I tell everybody the same thing – read somebody’s LitBlog for about a week, maybe ten days if they don’t post as frequently, and you’ll know pretty well if you should contact them about sending a review copy.

    For now, they may be willing to pay for the middleman if they don’t have a realtionship with somebody online already.


  3. You and Scott and Bud all rock. I am linking to this soonest, as I don’t have much in the way of original content going up on my site, unless you count today, and the day before that, and the day before that, and…. THB

  4. Tis’ I, the minder the Virtual Sweatshop. Allow me to clarify…

    1) No site participates in the VBT against their will. All do so voluntarily.

    2) Every site is free to express any opinion about the touring book they like, even if they think it stinks. I don’t edit their content and warn the author of this ahead of time. Just because the sites haven’t been critical doesn’t mean I’ve demanded adulation of them.

    3) No site that I have approached about particpating in the VBT has ever asked to be paid. Only those whom I haven’t have raised questions about this policy.

    4) I would nothing more than for authors to start soliciting blogs and to leave me out of it. Yes, I like the money, yes I like the concept. But the entire point of the Virtual Book Tour was to get blogs recognized as a legitimate forum for book discussion. Since that has happened anyway, I suppose I can retire now.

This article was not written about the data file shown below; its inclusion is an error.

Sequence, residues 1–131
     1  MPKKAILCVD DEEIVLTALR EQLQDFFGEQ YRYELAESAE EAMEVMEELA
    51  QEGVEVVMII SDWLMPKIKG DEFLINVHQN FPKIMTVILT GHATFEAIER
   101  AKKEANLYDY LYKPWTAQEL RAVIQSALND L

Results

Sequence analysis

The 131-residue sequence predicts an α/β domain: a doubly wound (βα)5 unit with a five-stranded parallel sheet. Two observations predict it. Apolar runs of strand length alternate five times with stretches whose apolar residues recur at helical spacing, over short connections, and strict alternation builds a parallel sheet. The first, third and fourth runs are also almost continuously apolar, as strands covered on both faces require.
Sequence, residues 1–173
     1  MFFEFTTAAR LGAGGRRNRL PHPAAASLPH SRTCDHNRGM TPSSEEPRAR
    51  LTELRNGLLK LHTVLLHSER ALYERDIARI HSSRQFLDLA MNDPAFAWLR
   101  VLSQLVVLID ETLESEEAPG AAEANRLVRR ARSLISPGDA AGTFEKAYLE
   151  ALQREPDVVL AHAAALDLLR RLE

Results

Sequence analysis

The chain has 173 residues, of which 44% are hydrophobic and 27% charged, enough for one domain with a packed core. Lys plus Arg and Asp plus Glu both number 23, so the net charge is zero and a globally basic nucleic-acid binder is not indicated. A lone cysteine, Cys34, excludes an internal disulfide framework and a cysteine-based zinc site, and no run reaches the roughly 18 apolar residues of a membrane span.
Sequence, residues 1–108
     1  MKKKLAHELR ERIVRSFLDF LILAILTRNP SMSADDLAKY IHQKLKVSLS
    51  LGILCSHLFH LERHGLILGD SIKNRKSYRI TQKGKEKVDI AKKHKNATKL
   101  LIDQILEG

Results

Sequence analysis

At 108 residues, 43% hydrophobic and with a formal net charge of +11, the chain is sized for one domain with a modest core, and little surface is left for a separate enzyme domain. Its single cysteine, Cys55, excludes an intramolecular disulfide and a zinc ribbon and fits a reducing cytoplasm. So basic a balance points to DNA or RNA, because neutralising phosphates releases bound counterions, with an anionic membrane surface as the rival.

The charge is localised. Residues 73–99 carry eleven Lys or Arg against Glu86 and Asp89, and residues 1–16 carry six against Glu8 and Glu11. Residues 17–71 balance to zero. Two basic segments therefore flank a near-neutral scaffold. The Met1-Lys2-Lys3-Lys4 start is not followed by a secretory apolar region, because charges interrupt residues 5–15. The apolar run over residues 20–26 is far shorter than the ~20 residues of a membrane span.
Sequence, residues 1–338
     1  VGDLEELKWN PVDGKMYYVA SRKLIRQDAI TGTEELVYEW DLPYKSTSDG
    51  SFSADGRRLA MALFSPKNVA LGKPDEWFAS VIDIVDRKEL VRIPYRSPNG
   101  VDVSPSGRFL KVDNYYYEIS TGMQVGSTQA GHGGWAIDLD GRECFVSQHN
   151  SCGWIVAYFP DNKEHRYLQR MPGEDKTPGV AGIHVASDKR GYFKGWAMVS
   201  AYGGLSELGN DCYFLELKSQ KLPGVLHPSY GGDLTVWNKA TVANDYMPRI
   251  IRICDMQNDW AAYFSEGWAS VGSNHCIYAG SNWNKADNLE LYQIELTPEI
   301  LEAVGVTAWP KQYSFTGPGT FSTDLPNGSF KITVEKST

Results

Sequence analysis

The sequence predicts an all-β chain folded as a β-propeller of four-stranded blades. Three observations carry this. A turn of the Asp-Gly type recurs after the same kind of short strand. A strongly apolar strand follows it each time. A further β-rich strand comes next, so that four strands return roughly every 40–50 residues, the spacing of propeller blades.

5. Kevin:

    1. The impression you’re creating is that this is a way to translate work across a new medium. But it’s not nearly as rosy as you’re making it out to be. Do you EXPLICITLY communicate to the participating sites that you’re making money off this? Do you even offer a stipend for potential bandwidth overage? My guess would be no.

    2. Because you’ve framed this in the context of a “book tour,” that essentially means PR, PR, PR. Or an uncritical nexus. The fact that you hand pick the sites yourself and avoid honest rabble-rousters (in much the same way that an aging music lover lies to himself that he’s down with indie pop, but listens to nothing edgier than the Tragically Hip) shows that you’re less interested in a truthful or critical depiction of a book and more interested in internecine braying and back-slapping. How is this independent? How is the VBT any different from cashing in on a John Grisham publicity budget windfall?

    3. They haven’t asked to be paid, because blogs are independent by nature and would unfurl their passion regardless of two-bit hucksters like you trying to cash in and corrupt the medium. Further, I don’t think they’re aware of how much you’re pocketing (and that includes the $75/hour overage fee you charge). Talk about a Trojan horse.

    4. Actually, Kevin, the entire point here is that you LIKE THE MONEY. And that you like the money so much as to not distribute it rightfully amongst the people who participate. My concerns about having a middleman set aside, I wouldn’t have so much a problem if you distributed even $1,000 of the $3,000 to the eleven sites participating on your next book tour (or about $90 per site for their work). That way, you get a nice kickback, the sites who participate are rewarded for turning over their blogs for VBT content, and ample compensation is provided for services rendered.

    You still haven’t commented upon the main quote: “There’s no way we can expect bloggers to be impartial if we’re paying them.” I get the distinct feeling that “impartial” means uncritical. So this really isn’t about blogs as a medium at all, is it? It’s about you collecting a small sum and ensuring flatline coverage, sans a spark of snark, in the process.

    As a wise man once said, that ain’t right.